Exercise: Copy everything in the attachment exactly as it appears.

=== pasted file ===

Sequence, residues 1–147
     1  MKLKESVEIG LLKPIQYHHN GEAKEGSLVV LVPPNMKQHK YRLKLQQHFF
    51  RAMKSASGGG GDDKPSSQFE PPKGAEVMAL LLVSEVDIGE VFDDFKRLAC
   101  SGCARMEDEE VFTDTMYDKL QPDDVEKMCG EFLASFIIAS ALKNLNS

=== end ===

Sequence, residues 1–147
     1  MKLKESVEIG LLKPIQYHHN GEAKEGSLVV LVPPNMKQHK YRLKLQQHFF
    51  RAMKSASGGG GDDKPSSQFE PPKGAEVMAL LLVSEVDIGE VFDDFKRLAC
   101  SGCARMEDEE VFTDTMYDKL QPDDVEKMCG EFLASFIIAS ALKNLNS